Originally Posted by rkw
Something to considers is the area of actual ratings. What should a 3/5 mean? To me an average product that performs as expected gets a 3/5. Many feel such a product deserves 5/5. To my logic that diminishes the value of a 5-star rating when an average product gets an automatic 5. How do we then differentiate an exceptional or outstanding product? Of course then the definition of those terms is somewhat subjective as well. Before I wander too far away from the topic I find some people's need to gush over an average product puzzling, I mean it's as if they are deriving some sort of self-worth from giving that over-the-top gushing review.
Your description of 3/5 meaning an "average" product is one way of reading a 5-star rating...but I don't think it's how most people use them.
I think that most people believe that a product with no flaws deserves a 5, and they then deduct stars based on perceived flaws. This is what leads to a lot of 4 or 5 star products. Under this system, a toaster, say, with a 3/5 rating is not something you would buy because it had too many flaws.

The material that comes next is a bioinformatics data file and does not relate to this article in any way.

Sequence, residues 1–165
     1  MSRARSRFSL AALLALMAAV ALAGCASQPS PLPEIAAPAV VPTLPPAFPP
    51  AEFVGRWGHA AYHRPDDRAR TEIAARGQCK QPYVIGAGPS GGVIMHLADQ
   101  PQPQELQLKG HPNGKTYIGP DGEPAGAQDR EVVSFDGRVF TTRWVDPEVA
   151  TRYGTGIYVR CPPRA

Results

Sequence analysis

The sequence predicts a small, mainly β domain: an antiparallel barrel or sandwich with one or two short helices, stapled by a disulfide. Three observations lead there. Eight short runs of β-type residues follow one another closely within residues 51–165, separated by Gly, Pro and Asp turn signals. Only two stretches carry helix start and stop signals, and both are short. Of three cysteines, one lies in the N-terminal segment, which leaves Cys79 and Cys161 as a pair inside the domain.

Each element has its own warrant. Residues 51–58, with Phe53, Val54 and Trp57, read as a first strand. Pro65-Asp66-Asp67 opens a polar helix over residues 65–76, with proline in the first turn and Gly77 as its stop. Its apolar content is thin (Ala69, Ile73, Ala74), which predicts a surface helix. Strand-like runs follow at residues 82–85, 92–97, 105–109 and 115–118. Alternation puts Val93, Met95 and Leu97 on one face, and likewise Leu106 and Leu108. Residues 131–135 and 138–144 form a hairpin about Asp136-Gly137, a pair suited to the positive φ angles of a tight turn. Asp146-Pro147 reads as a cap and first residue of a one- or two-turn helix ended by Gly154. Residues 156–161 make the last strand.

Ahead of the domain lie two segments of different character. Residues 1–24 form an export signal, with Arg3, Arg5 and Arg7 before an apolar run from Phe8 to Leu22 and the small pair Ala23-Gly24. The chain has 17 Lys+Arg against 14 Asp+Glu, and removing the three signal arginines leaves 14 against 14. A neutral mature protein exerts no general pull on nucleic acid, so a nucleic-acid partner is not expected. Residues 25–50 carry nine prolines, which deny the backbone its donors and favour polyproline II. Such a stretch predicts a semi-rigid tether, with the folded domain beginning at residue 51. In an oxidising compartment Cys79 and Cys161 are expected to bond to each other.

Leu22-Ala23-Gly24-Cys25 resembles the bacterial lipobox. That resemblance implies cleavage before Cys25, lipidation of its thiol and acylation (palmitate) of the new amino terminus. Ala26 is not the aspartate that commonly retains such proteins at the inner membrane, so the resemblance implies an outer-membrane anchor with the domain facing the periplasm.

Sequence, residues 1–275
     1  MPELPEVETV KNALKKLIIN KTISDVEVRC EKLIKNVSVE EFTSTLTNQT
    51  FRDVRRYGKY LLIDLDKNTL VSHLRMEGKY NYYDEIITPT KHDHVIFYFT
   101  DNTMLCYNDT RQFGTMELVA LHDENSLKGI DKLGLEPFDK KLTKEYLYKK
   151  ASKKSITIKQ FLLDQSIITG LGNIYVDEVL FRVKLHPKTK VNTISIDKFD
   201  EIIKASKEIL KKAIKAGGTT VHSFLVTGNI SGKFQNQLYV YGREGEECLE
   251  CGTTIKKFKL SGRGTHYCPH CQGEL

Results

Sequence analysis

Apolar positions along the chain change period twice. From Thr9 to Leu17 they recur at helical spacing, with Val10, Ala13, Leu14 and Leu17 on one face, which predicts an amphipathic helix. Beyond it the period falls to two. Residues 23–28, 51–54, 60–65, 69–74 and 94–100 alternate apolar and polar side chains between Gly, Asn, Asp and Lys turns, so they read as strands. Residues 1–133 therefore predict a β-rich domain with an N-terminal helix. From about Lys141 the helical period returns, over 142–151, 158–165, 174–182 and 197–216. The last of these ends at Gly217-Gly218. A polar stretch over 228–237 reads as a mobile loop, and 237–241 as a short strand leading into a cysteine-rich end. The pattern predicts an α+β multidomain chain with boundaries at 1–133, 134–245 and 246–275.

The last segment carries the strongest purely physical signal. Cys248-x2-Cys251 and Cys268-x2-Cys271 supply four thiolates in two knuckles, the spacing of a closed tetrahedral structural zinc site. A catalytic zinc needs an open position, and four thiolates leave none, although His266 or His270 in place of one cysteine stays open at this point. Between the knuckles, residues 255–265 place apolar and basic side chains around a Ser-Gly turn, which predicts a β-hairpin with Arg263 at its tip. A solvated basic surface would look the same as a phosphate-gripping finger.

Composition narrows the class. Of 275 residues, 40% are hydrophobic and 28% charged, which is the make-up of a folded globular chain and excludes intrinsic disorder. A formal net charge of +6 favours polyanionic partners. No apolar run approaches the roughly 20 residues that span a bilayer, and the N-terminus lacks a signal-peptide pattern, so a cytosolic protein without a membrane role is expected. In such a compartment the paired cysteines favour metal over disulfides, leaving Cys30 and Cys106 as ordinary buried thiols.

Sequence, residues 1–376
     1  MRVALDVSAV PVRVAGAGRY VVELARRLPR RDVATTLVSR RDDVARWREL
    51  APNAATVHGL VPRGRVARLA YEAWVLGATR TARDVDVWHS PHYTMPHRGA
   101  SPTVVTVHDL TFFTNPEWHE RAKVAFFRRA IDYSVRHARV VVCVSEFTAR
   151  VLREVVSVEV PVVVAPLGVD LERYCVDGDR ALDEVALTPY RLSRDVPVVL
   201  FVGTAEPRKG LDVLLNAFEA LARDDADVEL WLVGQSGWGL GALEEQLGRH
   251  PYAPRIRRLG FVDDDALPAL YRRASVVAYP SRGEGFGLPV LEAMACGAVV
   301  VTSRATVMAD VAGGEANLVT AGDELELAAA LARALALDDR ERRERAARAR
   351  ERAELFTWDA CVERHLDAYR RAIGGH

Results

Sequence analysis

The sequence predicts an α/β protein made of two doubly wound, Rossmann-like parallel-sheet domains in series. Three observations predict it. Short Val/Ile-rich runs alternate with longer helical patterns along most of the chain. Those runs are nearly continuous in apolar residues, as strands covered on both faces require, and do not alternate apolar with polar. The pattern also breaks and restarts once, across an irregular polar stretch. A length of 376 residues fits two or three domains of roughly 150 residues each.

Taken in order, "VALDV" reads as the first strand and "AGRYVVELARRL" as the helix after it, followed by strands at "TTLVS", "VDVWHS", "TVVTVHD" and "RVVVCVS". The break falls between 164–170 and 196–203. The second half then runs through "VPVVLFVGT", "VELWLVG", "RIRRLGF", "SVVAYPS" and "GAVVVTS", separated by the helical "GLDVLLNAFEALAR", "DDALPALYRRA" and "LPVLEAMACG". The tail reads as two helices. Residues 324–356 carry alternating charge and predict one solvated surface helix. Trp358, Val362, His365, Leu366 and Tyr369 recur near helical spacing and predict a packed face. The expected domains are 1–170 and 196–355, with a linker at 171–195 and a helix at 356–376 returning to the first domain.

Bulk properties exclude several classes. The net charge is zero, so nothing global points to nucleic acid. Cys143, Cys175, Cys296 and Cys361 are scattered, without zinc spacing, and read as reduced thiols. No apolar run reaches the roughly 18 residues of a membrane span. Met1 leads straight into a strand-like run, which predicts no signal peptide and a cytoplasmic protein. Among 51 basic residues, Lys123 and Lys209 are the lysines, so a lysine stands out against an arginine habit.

However, under the "average" rating system, a 3/5 toaster would be what most people would want, since it would be a perfectly fine toaster. And there may be no 4 or 5 star rated toasters at all.
Kind of how a "C" grade, originally being average, is pretty much a bad grade now, with "D" and "F" being, basically, failing grades.